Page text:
Now, the tricky part, getting the O2 sensors unplugged, we didn’t remove the cowl so we just reached behind and followed the wires to the plugs and unplugged both O2 sensors. We couldn’t get a very good image of this but they are both located towards the driver’s side of the engine. Now that they are unplugged, let’s get that downpipe out! It should just pull right out, watch the wire for the O2 sensors, they have a tendency to catch on things as you pull the pipe out.
Well, the first steps are done, here’s a shot of the whole system, out of the car.
While swapping the O2 sensors over to the new COBB Tuning Downpipe, make sure you put them in the correct place.
Be sure you put the hanger on the new downpipe on correctly; it should slide easily off then back on.
There is a little round steel gasket that was on the stock downpipe, be sure you place this on your new downpipe to ensure a tight seal to the turbo
When we were sliding the new downpipe up in place, we placed the v-band clamp on the flange so we didn’t have to try to fight it after it was up there.
Now we can fish it up in there and put it in place. Get the v-band clamp snug and bolt the hanger to the subframe, don’t forget to plug in your 2 O2 sensors!
Now, let’s move on to the exhaust! You’ll want to start off by installing the mid-pipe that has the mufflers and S-bend. Loosely bolt it in place using the appropriate gaskets and supplied 14mm bolts/nuts. You’ll only want to finger tighten these while you work the rear of the mid-pipe into the exhaust hanger. We used a little bit of PB blast here to promote ease of install in the hangers.
Next will be the over axle section of exhaust, here you might have to bend a little bit of the heat shielding out of the way to get it to squeeze in there. It’s a tight fit, but it will go. Be patient. Install the supplied 14mm hardware loosely as getting the tips straight and centered relies greatly on the repositioning of all the hangers and couplers prior to final tightening.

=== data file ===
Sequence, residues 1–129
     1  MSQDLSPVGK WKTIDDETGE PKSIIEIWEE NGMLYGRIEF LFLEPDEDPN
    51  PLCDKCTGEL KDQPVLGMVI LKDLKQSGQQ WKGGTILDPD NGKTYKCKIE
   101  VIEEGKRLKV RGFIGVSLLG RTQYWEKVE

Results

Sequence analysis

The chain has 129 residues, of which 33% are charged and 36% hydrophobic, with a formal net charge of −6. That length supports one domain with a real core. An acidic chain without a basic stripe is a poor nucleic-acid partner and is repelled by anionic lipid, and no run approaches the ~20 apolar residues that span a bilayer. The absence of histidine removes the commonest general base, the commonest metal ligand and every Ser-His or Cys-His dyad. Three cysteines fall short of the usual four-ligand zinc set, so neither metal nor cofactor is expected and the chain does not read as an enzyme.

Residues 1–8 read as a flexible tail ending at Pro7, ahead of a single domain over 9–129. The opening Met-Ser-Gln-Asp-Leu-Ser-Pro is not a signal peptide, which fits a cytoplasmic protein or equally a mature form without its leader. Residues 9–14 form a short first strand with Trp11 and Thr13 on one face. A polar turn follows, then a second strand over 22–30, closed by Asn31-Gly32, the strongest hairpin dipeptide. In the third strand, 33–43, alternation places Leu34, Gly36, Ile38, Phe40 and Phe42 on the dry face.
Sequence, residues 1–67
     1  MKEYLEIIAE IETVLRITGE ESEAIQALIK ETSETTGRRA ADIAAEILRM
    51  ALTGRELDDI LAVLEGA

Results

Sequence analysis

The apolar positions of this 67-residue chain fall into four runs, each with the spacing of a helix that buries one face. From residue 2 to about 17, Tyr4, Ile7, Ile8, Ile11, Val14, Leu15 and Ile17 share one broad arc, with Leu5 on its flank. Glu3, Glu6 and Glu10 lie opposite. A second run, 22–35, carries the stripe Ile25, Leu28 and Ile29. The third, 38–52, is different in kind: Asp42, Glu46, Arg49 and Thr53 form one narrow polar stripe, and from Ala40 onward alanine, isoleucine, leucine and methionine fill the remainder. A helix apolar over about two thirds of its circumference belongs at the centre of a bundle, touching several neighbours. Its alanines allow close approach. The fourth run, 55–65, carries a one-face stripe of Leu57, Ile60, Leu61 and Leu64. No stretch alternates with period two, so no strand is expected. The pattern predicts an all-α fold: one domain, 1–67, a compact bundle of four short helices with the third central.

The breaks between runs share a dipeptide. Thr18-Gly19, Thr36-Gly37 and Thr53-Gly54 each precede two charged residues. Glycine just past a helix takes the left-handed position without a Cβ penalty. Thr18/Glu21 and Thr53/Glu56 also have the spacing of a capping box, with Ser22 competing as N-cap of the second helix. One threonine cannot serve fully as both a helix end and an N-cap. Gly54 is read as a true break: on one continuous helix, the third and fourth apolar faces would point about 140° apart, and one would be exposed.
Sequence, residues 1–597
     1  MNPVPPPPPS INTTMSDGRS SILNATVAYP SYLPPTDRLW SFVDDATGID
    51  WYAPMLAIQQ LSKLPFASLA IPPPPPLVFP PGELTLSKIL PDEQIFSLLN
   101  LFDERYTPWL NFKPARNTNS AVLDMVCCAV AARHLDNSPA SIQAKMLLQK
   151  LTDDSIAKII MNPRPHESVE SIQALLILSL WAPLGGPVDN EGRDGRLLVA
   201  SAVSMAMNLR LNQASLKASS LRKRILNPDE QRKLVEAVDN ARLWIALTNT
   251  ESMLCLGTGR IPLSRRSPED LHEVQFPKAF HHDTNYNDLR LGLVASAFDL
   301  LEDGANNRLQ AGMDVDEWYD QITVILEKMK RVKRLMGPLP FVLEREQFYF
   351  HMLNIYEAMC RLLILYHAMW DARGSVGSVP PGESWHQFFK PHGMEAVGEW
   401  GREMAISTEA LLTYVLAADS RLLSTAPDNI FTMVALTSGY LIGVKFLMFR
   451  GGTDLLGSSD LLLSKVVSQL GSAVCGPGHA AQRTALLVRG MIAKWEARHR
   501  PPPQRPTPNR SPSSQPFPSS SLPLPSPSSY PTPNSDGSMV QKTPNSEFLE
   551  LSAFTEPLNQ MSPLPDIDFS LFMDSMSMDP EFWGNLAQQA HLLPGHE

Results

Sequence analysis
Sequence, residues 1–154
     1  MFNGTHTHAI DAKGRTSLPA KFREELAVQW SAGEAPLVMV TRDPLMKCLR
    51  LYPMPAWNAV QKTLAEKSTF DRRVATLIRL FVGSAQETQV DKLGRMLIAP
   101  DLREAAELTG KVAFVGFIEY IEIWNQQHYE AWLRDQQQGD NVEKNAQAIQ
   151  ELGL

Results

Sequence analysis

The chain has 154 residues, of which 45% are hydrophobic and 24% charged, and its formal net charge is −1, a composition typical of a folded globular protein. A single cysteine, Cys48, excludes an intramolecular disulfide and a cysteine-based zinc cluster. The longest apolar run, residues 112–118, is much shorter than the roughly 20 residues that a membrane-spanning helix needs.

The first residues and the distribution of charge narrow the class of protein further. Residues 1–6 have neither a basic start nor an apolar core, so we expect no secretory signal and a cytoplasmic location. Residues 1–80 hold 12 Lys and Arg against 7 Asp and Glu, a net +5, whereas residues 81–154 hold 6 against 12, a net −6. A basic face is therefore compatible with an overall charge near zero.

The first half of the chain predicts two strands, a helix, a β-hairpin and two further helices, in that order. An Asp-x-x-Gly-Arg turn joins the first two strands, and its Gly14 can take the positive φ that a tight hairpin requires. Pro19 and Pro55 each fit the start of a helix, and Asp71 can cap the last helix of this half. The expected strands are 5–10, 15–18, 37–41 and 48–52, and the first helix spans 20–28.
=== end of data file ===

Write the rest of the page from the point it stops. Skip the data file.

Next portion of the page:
We can install the tip section of the exhaust now! Slide it into the two hangers and use the supplied hardware to connect it to the over axle section, don’t forget the gasket! This is when you will want to start at the front of the exhaust and work your way to the tips tightening everything and making sure your tips are centered as you go
This is where it’s very nice to have someone helping you; they can tighten and adjust the hangers and bolts while you adjust the tips into place. When we first got it all in place the tips were hanging way down, after just a little bit of adjustment, they were perfect!
Man, those dual 4 inch tips sure are amazing! Sorry for the dirty car I detailed the car shortly after installing the exhaust.
Man, this exhaust really is good looking. The fit and finish is very impressive.
Now that we have all of that installed and ready to go, let’s take it out for a drive. The sound, I have to say I was expecting it to be tinny, harsh and perhaps a little louder than I wanted honestly, as I myself, have never ran a COBB Tuning exhaust on any of my cars. After we got this installed, we fired it up and I was pleasantly surprised with the initial tone and volume of the sound. It was loud enough that you knew there was a performance exhaust on there, but it wasn’t so loud that it bothered me. So, of course the next step would be to rev it up, right? So revving it up in neutral gives you even more reason to really like this exhaust! The sound I would say gives you visions of perhaps a European sports car; it’s throaty, not cheap, tinny sounding. I know COBB put a lot of time and effort into this exhaust and you can definitely tell by the sound, build quality, and overall functionality of it. After installing the turbo back exhaust we applied the appropriate tune and took it for a drive. I don’t know if it was the exhaust tone, or if there is that big of a difference, but it seems to be quite a bit happier. Cruising down the highway at 70 mph, there is zero drone, when you drop the throttle there is an aggressive increase in volume and power comes on hard. It seems like the throttle response has improved as well. Again, I don’t know if it is just a mental thing, but it honestly feels like this made a pretty big difference. We are taking it to the dyno soon to get some more numbers and we will post up the results as soon as we get them. We made a little video so you guys could get an idea of what it sounds like, I think the video gives you a pretty good idea of the sound of the exhaust, but it doesn’t give you the full experience. This exhaust truly is impressive. Thanks for reading, and watching!